Flowers And Foliage, December 2013

I missed Bloom Day, so this post serves as a belated one, with a bit of foliage included.  After a post about a near-dead Chorizema, and another with pictures of holes in the ground, some beauty is in order.  This Fuchsia is still looking good:
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December is the end of the rose year and the start of the winter Aloes.  The usual roses for a bloom day. I keep taking pictures of the same ones, even though there are many others blooming.  These 'usual suspects' are the ones that keep catching my eye. 
'Easy Does It':
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'Sombreuil'
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'Yves Piaget'
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'Darcey Bussell'
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'Fire Fighter'
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'The Endeavour'
 photo blum2167_zpse84eb8d7.jpg  Aloe cameronii
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The pert, mop-head cuteness of Aloe capitata continues to delight
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Aloe hardyi
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Aloe 'Cynthia Gitty' blooms almost year round.  A regular stop for the hummingbirds.
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A few other plants bloom on and on.  I seem to have photos of these at the ides of every month.
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'Rozanne' has discarded her weary spring foliage and produced a whole new fresh crop;  bloom continues unabated.  
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I did mention foliage.  I like the way the light is shining through the little Alluaudia leaves. 
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The Lagerstroemia are just about bare.  Their autumn color was greatly superior to the Cercis they replaced. 
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The Agaves are developing their winter--what can I call it?  Lushness?  They are growing at this time of year.  Even an inch of rain spread over several weeks imparts a sheen of health.  What is more beautiful than that? 
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Comments

  1. So wonderful to see your roses, when so much around here is brown and dying.

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  2. Beautiful photos as usual. Your roses always have me sighing...

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    Replies
    1. The roses do all the work. I just watch.

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  3. Still so many lovely flowering roses. The Fuchsia is really wonderful!!!! I envy your lovely climate in California.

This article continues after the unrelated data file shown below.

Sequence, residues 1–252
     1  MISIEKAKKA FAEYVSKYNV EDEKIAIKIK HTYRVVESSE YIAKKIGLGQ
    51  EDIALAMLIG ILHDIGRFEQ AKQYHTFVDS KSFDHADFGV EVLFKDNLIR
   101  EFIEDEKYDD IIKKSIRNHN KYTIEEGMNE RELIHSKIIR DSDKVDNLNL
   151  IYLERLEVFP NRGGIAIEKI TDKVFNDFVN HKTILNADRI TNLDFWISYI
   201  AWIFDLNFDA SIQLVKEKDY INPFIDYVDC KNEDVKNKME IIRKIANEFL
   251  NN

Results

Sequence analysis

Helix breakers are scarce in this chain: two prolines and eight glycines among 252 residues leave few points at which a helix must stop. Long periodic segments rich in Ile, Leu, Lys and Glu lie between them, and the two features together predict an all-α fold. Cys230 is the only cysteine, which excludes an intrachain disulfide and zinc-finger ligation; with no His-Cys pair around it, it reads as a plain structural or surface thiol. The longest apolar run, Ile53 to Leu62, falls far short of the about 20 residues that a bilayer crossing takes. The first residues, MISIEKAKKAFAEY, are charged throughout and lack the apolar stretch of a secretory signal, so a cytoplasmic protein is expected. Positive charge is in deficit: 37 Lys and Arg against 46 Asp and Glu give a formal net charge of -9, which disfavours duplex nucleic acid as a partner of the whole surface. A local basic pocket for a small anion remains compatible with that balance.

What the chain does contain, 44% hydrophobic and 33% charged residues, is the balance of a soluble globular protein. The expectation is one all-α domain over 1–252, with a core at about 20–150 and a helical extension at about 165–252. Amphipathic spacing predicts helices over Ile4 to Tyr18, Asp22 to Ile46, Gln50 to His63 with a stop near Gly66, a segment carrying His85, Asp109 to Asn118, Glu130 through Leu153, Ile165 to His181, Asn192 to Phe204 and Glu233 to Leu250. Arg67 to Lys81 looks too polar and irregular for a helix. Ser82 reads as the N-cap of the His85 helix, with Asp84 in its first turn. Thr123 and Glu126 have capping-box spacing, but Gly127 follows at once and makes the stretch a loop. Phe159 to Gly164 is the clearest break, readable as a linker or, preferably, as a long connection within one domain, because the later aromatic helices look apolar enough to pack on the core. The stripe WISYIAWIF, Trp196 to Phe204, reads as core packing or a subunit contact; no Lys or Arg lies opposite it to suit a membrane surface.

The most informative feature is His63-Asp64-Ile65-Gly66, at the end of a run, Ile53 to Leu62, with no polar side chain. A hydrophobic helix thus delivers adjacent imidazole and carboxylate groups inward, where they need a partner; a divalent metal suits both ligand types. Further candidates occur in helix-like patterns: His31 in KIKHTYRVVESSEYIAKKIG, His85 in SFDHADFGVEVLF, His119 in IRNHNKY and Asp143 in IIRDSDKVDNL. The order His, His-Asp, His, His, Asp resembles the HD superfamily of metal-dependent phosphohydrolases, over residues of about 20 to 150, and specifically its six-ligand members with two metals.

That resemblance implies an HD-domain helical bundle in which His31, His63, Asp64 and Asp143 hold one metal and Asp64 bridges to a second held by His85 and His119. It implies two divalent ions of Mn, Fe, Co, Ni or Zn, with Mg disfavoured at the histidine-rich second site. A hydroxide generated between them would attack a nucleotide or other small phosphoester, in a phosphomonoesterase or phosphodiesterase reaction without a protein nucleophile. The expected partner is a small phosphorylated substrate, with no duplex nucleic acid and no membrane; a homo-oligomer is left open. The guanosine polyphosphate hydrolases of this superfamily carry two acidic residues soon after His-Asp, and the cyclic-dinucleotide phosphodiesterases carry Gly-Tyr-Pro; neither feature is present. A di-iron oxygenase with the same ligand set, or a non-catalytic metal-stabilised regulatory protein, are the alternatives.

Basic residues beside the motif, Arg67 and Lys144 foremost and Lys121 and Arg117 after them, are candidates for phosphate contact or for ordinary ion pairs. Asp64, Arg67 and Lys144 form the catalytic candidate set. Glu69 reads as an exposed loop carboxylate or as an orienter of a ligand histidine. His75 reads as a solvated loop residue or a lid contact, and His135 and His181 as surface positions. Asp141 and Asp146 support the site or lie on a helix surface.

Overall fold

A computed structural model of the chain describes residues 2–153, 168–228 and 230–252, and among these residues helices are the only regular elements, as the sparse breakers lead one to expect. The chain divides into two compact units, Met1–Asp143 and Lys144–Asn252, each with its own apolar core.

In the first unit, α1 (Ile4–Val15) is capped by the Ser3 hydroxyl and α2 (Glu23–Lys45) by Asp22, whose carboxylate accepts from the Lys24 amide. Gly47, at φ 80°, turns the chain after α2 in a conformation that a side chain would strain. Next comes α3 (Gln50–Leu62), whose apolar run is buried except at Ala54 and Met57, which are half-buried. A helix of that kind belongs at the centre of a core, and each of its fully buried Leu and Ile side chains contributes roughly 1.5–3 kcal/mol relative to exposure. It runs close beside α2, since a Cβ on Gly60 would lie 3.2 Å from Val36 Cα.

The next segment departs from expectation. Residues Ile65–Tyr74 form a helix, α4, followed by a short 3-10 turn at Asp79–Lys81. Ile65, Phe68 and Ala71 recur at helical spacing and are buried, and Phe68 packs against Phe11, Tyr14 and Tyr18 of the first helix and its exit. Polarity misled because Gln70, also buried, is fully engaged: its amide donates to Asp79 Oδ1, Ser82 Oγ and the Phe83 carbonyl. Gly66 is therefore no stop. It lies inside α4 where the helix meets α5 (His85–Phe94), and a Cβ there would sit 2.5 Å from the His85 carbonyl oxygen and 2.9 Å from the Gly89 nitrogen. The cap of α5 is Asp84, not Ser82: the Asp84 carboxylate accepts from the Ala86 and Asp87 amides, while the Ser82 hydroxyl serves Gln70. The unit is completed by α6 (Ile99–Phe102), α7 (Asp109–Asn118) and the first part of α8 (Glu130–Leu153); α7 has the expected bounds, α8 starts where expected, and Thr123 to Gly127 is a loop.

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  4. The Rozanne looks so nice. I have tried to grow them in Los Angeles but they don't do well for me. How much do you water and fertilize (and what do you use)? Are they in full sun? I'd like to give them another shot before I give up. Thanks for all the fantastic pictures of your garden.

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    Replies
    1. Hi Rachel, here are my comments based on Sunset Zone 23. Adjust if you are farther inland or in Sunset 24. I have found them to work best in about 6 hours of sun, but some in all-day do fine--the foliage is not quite as nice as the ones that get late afternoon shade, and they look stressed on those hot August afternoons, but they perk up come sunset. I have not found them successful in morning sun only--growth and bloom are vastly reduced.

      Water 3 x per week; 4x in heat waves (90F+). Fertilizer--none. I mulch regularly with quality compost. The trick I think is to get them through their first summer, which seems to be the most stressful thing for them. So try planting now, or next fall, not waiting for spring, especially not planting in late spring or during summer. If they look stressed come summer, give temporary shade to get them through the summer, then after that they'll be a lot stronger and better able to handle heat. I don't have them next to a driveway, or asphalt--avoiding reflected heat is a good idea. But overall except for the first summer, they've been one of the easiest plants I've ever grown. Do you have adobe soil? The soil here is silty, not clay, so perhaps that makes a difference as well.

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    2. Thanks for the great information. I'll give them another try. (Do you have a favorite brand of compost?)

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    3. No, not really. Homemade is good, but compost is compost, pretty much.

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